Well, this must be ahot topic as the US Census Bureau just released estimated daytime population counts for states, counties, and select places.

Via: Directions Magazine

As I predicted, Dallas experiences the second-most percent change from day to night population for large cities. First was our neighbor Houston. Topping the list is Lake Buena Vista city, FL, which experiences a whopping 3076.80 employment to residence ratio. Yes, this boggles my mind.

So, now I have the task of joining these tables to feature classes, generating metadata, and including the files in our metadata catalog. Then students will have easy access to the files.

Sunday, October 23, 2005

KU: Overlay Google Maps With Single Image

The Mapdex Blog announced that "Praveen Ponnusamy, a savvy developer in our group" enabled a method to include a single (untiled) image from an ArcIMS service to overlay within a Google Maps API-driven web map. This is very cool.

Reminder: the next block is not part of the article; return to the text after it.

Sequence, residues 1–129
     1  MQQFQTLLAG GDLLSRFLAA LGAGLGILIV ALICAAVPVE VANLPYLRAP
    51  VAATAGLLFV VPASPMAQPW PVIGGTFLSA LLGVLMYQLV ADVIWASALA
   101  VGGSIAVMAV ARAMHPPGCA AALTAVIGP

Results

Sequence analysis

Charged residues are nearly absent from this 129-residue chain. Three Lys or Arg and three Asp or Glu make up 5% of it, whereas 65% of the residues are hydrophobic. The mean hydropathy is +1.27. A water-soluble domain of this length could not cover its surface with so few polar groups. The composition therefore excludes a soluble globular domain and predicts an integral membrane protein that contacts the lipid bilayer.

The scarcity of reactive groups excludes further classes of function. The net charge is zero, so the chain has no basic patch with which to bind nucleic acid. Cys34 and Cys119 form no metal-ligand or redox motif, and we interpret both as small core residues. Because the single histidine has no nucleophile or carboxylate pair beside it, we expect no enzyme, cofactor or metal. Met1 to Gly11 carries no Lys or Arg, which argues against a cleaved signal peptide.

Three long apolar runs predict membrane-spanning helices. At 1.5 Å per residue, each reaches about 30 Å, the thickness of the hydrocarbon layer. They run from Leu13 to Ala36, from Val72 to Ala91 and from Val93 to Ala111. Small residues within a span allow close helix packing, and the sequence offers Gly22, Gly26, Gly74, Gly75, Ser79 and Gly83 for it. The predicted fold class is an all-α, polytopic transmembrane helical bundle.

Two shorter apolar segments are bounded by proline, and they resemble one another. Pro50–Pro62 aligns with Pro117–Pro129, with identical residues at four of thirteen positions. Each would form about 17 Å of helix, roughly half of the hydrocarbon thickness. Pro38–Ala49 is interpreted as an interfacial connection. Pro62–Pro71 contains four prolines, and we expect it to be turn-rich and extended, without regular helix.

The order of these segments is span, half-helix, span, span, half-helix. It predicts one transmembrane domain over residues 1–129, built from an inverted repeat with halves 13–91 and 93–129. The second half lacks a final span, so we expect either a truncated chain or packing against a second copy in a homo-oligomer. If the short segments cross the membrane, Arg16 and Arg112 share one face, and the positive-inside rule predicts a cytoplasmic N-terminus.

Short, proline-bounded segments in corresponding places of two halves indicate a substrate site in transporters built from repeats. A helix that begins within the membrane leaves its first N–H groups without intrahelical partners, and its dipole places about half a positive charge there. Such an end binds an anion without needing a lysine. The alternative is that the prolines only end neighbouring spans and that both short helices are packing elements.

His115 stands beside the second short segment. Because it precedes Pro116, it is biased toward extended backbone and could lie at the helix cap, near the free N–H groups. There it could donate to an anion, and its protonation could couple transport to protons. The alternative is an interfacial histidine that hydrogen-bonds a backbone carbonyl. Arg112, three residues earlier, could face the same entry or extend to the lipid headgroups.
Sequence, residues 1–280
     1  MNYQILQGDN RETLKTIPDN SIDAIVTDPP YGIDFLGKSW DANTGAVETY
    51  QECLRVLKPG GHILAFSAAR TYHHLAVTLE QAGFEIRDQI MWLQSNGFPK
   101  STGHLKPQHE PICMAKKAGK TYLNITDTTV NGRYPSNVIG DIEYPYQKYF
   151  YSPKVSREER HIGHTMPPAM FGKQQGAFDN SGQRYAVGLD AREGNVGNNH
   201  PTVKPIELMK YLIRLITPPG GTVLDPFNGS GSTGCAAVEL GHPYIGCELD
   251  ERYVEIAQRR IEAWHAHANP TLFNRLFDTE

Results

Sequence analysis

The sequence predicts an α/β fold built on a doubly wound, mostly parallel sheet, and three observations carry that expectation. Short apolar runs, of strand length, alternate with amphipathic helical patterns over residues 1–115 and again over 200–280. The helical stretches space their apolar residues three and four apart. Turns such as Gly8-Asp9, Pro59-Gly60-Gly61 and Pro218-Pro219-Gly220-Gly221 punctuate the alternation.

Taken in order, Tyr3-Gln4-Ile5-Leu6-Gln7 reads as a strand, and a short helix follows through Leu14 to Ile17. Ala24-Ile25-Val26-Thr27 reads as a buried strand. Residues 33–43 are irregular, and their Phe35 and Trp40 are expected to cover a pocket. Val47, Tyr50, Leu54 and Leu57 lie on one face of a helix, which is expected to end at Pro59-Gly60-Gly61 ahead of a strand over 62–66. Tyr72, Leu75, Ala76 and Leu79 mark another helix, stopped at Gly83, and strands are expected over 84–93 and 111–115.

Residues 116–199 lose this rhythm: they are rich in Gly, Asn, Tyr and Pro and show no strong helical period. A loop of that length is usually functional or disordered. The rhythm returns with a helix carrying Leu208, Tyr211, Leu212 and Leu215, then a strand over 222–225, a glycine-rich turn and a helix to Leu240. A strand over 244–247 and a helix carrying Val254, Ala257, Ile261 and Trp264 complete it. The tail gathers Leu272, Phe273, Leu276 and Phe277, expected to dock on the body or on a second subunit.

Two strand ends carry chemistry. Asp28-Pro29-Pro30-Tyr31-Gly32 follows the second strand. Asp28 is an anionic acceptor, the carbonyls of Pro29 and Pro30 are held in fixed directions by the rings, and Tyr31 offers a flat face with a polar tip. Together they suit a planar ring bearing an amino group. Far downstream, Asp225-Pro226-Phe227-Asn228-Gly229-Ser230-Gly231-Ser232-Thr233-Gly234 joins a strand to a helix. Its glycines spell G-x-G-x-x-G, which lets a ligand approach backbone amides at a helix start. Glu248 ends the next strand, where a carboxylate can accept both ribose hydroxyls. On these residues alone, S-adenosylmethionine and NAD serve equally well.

Via: Mapdex Blog

This advancement is the latest among many web mappers out there dabbling with including ArcIMS layers within Google Maps. Also see this earlier Mapdex Blog post, ka-Map, and discussions surrounding this topic here and here.

Saturday, October 22, 2005

Web-Based GIS News Aggregators: Planet Geospatial

James Fee, Spatially Adjusted blogger, has just developed a web-based GIS news aggregator called 'Planet Geospatial.' This is a fantastic resource that I think many folks will take advantage of.

Now, I find this extremely coincidental. Is this a great-minds-think-alike moment?

Well, we have just finished development of a similar concept that we were going to release next week. Our project, un-fantastically called (for the moment) 'GIS News', can be viewed on our test server here. We might play around with the documentation/help a bit this weekend, but I will post here when the project is shifted over to our production server. The purpose for the development of this project is to help the growing GIS community on campus keep up to date with the exciting world of GIS.

Yes, this is the project we were working on when our custom-created aggregator was set to pull feed content in every 5 minutes. Sorry about that. We now have it set to pull fresh content every hour. Please comment here if this is still too unreasonable.

Friday, October 21, 2005

Naticus Cartographica Posts GIS Books He Teaches From

Naticus Cartographica, the author of the All Things Geography blog recently posted the books he teaches from.

For those seeking to learn Remote Sensing, GPS, or GIS programming, give these books a shot: (We actually have all of them in our library.)